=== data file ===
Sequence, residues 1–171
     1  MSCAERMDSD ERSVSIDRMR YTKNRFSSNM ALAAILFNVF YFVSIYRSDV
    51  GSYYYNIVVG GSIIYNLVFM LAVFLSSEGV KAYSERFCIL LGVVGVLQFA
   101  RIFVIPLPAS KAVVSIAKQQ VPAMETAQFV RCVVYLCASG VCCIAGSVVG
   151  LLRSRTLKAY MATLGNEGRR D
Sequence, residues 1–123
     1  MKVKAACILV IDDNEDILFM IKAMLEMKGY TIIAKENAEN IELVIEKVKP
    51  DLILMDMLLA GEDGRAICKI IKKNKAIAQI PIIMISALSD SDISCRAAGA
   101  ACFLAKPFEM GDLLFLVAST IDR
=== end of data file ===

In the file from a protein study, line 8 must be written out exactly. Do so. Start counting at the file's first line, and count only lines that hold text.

    51  DLILMDMLLA GEDGRAICKI IKKNKAIAQI PIIMISALSD SDISCRAAGA